The root cellar building, much shorter than the cabin.  Appears they dug out soil, so they could get some cooling.  Considering this harsh environment, my imagination runs rampant, the act of digging out the foundation, finding enough logs to build these structures, even though the structures are not that large.  Hard work, and remember, John was disabled.

Corral fencing:

And, thus ends our second day in Arches National Park, April 28, 2011.  It has been overwhelming, awe inspiring, tiring, exhilarating.  Totally awesome!

Leave ya today with this one last photo, taken during our hike around the North and South Windows, I could look at this all day.

* These photos of the buildings and fence at Wolfe Ranch just beg me to do some fun digital editing.  I have very little, OK, no experience with this "art form" and I need a lot more time to learn.  But, I did play with the second photo of this post, see below.  And, that corall fence, just screams at me, it just may show up somewhere here on Reflections again.


Sunday, August 7, 2011

THE Trip, Arches National Park, Hike the North & South Windows, The Primitive Loop

CABS for Reflections From the Fence

The second half of our second walk on our second day in Arches National Park, this IS a graphics heavy post.

Once Man and I turn the corner and enter the Primitive Loop Trail we enter another world, so to speak.  On the first part of our hike we see a lot of visitors enjoying their walks and especially the North Window.  But turn the corner and almost magically, the hiking trail is pretty much abandoned, just Man and me, our hiking sticks, water, a little snack or two, Sony, abundant beauty and quiet!  During the rest of our hike we will encounter less than 20 other visitors.  It will take us approximately 40 minutes to finish hiking the Primitive Loop Trail.

Below:  The first thing we see when we round the corner is:

Below:  Further down the trail we get a great view of both the South (on the left) and the North (on the right) Windows:

Below: As we hike along the view of the 2 windows changes, the perspective changes, I stop every 50 to 100 feet and gasp and shoot another photo with Sony.  Nope, not gonna share ALL of them with you, but, since we were here to see the windows, I will share a few, including this panoramic.  Note I am shooting into the sun, a little glare going on, but, I also caught a jet way up there, making his white puffy streaky tail in the beautiful blue sky.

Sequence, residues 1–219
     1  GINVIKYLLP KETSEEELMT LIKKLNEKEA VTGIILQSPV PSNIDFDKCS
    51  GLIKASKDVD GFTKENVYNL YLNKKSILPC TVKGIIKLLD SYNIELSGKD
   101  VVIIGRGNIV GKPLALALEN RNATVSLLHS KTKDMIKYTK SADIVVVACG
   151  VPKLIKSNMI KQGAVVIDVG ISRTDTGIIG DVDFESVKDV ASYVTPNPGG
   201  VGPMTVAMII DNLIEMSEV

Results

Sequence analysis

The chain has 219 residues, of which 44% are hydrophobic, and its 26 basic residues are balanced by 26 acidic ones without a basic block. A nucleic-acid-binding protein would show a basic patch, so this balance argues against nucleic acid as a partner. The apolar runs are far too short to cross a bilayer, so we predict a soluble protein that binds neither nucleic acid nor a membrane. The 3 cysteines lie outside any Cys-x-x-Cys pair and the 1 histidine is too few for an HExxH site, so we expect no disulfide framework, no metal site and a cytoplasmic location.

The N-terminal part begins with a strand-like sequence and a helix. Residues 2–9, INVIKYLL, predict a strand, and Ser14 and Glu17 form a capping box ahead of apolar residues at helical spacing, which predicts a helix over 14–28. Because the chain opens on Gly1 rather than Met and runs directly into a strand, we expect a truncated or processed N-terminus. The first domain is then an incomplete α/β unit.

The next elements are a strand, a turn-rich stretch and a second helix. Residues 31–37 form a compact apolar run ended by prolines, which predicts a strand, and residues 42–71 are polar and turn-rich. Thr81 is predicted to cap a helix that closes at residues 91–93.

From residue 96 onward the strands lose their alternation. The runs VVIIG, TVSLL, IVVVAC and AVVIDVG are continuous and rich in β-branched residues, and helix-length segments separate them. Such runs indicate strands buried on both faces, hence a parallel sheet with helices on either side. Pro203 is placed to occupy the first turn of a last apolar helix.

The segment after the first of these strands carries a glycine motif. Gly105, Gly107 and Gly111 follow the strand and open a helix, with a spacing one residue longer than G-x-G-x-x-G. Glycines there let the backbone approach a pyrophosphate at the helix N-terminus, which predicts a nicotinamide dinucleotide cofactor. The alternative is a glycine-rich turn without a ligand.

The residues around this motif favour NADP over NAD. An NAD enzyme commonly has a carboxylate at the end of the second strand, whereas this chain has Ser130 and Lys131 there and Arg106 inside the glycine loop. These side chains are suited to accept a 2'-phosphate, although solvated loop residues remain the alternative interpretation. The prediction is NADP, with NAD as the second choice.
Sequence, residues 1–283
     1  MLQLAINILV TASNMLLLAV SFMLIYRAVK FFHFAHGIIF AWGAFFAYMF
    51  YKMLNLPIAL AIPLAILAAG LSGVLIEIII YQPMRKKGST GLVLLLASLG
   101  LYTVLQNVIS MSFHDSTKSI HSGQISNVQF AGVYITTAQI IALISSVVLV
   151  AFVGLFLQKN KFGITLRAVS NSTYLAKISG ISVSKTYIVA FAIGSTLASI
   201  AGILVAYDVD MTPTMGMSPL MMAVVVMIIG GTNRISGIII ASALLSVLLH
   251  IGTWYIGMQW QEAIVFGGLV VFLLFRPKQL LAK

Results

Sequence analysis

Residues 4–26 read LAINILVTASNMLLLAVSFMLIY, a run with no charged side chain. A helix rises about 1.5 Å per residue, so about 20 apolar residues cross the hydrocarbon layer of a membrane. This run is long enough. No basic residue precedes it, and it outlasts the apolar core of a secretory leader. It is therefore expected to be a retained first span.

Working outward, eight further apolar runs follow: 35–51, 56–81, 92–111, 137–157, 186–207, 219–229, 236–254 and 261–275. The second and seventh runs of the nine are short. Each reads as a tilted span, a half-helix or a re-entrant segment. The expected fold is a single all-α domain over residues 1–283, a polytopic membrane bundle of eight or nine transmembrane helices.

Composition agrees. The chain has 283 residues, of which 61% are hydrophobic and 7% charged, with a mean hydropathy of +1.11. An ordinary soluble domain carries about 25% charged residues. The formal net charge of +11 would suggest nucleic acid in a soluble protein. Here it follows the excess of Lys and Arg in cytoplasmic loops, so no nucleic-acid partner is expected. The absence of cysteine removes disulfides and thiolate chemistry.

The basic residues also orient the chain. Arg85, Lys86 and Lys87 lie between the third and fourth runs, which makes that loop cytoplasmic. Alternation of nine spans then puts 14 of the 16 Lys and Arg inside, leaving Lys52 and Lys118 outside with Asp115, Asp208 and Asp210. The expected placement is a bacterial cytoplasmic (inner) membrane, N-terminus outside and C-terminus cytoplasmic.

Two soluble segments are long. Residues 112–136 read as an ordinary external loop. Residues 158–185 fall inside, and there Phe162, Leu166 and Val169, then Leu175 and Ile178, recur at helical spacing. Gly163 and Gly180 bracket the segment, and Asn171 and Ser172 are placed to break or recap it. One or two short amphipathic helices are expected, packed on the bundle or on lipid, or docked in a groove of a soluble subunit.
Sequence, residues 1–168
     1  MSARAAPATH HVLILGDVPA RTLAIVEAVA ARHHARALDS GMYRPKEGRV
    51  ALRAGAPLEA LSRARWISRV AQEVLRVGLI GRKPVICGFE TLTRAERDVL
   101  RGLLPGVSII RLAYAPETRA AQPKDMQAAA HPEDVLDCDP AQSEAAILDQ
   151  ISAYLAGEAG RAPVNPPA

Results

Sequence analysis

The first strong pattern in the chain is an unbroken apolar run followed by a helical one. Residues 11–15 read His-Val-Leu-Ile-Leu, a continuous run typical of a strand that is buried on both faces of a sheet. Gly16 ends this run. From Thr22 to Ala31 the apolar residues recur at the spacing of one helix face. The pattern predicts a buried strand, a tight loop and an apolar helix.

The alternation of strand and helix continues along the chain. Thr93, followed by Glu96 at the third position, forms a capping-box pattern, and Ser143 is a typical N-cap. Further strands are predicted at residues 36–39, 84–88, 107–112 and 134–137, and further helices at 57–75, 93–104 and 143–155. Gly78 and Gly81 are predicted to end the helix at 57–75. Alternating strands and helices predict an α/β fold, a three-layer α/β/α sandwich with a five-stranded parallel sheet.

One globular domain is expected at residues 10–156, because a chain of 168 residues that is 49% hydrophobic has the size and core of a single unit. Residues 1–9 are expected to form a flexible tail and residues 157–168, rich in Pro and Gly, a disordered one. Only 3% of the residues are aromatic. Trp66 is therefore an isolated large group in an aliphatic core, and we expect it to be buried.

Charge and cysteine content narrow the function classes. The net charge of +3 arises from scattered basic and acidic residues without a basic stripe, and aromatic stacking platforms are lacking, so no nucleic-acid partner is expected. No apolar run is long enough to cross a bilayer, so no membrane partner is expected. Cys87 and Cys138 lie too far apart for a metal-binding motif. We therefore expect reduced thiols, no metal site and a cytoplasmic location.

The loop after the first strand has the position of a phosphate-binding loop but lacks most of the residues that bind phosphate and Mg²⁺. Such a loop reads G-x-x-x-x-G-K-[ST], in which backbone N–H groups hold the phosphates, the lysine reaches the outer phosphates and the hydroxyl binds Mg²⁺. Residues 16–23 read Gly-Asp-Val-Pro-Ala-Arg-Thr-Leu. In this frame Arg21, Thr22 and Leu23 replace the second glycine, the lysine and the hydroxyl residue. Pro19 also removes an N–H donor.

Below: Here is another jet trail photo, and another visitor/camera bug:

Below:  While you hike along, if you can take your eyes off the windows for a bit, and look the other way, you will see:

Below:  One last look at the Windows before we continue our hike:

You may remember from the sign at the start of the hike they gave instructions if you hike the back section, the Primitive Loop, to follow the cairns. Sometimes you can find beauty and interest in the most, well, unusual places.  See, here we have the cairn, a man-made pile of stones, or as otherwise described, a' heap of stones piled up as a memorial or as a landmark'.  I must be easily amused or amazed, as I find it fascinating to study cairns, how do they get those small stones in there holding up larger stones above?   Super glue??  Inquiring minds want to know, and no, I did not go wiggle the pile to find out!  As they say, cool beans!

It is somewhere about now in our hike that Man made good use of that hiking stick (you might remember I mentioned this in yesterday's post) .  We came to this, mmm, little rock, OK, not so little.  And the cairns said we had to go right up it, straight up, like 6 to 10 feet.  Man scrambled right up, but of course. Then, it was my turn,  scramble NOT.  I got up part of the way, feet planted, but could not figure out how I was going to, well, raise my sorry ole hiney up the rest of the way.  I could not even climb up on my hands and knees.  So, Man handed me one end of his hiking stick, and used said hiking stick to YANK me up that little ole rock.   Success, and not even a scrape to show off said success. OK, I say to myself, that was not tooooo bad.  And, on we hiked.

Well, you know that saying, what goes up, must come down.  Ya, that saying!  Well, the down was slippery, steep, narrow.  Did I say narrow and steep and slippery??  Ya, I did.  Again, Man, ahead of me, manages to descend rather gracefully.  And, then, it was my turn.  He offered the walking stick again, to steady me.  Instead, I passed him the Sony and with my walking stick out in front of me, acting as a brake of sorts, I somehow, gracelessly (not gracefully) slid down the entire rock on my hiney.  I was rather pleased with myself, I did not break anything, including my walking stick or my leg! I did not even rip my jeans.  Still I had to wonder, was this the "hill" they had warned about on that sign??  See, there, in the second paragraph.

I don't really have a photo of all this excitement, as we were more worried about not getting hurt and getting up and down in one piece than we were in taking photos of the event, but, I think this is about the place in the trail that I slid home.  That lady and her man were still above the really steep part of the trail.  They were rather nimble, probably part mountain goat, as they had very little trouble getting down the steepest section, ahhhh, to be young again!  Oh, and catch that scenery, not bad, eh??